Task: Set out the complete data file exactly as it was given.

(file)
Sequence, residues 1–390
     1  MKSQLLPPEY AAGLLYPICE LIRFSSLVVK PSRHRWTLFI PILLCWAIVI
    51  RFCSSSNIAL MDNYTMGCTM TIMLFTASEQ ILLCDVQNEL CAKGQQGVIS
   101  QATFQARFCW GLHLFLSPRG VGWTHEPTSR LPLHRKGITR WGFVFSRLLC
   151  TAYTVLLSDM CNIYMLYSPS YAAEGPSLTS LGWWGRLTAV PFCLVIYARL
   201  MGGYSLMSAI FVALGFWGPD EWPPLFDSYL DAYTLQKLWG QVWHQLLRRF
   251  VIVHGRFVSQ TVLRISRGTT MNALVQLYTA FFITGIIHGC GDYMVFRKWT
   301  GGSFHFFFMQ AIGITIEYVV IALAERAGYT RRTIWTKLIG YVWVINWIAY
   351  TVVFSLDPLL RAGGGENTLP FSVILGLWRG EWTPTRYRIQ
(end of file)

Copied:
Sequence, residues 1–390
     1  MKSQLLPPEY AAGLLYPICE LIRFSSLVVK PSRHRWTLFI PILLCWAIVI
    51  RFCSSSNIAL MDNYTMGCTM TIMLFTASEQ ILLCDVQNEL CAKGQQGVIS
   101  QATFQARFCW GLHLFLSPRG VGWTHEPTSR LPLHRKGITR WGFVFSRLLC
   151  TAYTVLLSDM CNIYMLYSPS YAAEGPSLTS LGWWGRLTAV PFCLVIYARL
   201  MGGYSLMSAI FVALGFWGPD EWPPLFDSYL DAYTLQKLWG QVWHQLLRRF
   251  VIVHGRFVSQ TVLRISRGTT MNALVQLYTA FFITGIIHGC GDYMVFRKWT
   301  GGSFHFFFMQ AIGITIEYVV IALAERAGYT RRTIWTKLIG YVWVINWIAY
   351  TVVFSLDPLL RAGGGENTLP FSVILGLWRG EWTPTRYRIQ